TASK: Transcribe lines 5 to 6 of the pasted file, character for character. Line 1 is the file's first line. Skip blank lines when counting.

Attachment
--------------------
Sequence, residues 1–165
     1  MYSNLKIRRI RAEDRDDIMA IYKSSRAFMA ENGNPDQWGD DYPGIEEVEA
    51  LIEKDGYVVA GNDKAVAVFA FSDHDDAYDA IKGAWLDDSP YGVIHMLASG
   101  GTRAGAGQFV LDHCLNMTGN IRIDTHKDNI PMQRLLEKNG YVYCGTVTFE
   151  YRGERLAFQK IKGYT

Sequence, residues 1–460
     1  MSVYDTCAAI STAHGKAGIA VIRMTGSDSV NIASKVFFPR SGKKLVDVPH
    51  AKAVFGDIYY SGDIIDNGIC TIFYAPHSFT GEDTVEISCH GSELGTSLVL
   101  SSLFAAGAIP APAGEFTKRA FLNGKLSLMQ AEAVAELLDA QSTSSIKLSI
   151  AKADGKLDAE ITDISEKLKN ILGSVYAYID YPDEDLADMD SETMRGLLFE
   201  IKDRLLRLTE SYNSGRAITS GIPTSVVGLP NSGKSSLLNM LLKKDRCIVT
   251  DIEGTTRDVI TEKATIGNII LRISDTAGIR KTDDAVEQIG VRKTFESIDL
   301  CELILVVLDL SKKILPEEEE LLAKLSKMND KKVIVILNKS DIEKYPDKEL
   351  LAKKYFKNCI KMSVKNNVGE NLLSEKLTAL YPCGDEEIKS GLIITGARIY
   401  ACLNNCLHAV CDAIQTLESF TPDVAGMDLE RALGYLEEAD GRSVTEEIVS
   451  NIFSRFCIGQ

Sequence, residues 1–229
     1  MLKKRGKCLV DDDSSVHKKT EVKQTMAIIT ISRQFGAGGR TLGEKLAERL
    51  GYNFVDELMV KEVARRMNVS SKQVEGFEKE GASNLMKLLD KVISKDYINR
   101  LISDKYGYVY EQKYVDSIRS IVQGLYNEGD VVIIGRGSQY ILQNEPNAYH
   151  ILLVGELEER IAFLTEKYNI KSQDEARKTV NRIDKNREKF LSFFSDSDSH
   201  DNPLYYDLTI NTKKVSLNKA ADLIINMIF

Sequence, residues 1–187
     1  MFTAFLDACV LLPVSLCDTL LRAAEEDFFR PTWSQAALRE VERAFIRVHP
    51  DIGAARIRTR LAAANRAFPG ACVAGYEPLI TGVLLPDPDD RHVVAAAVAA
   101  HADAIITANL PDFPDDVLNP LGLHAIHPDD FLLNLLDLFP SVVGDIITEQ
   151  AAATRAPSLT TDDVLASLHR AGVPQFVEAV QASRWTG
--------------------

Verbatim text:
   151  YRGERLAFQK IKGYT

Sequence, residues 1–460